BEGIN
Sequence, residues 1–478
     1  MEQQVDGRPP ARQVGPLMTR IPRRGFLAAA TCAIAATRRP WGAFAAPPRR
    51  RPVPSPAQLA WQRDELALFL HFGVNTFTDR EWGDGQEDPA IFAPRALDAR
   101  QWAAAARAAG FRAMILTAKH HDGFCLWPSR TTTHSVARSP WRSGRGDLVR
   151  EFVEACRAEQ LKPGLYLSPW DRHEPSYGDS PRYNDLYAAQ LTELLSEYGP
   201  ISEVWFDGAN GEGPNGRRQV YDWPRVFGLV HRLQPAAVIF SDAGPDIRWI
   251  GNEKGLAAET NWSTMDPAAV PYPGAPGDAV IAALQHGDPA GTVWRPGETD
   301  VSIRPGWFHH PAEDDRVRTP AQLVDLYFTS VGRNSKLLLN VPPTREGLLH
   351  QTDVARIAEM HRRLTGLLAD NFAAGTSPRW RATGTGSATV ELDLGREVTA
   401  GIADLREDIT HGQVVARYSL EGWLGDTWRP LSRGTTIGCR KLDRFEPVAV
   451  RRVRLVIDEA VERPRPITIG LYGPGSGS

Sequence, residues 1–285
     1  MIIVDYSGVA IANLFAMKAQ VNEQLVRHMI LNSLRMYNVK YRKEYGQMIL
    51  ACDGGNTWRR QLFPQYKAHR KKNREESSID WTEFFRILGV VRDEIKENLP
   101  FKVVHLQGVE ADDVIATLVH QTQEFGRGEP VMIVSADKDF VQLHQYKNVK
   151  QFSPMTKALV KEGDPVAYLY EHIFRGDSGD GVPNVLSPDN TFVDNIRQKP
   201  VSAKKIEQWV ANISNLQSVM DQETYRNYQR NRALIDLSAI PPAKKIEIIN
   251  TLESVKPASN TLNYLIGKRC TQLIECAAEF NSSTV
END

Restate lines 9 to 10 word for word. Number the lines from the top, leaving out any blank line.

   351  QTDVARIAEM HRRLTGLLAD NFAAGTSPRW RATGTGSATV ELDLGREVTA
   401  GIADLREDIT HGQVVARYSL EGWLGDTWRP LSRGTTIGCR KLDRFEPVAV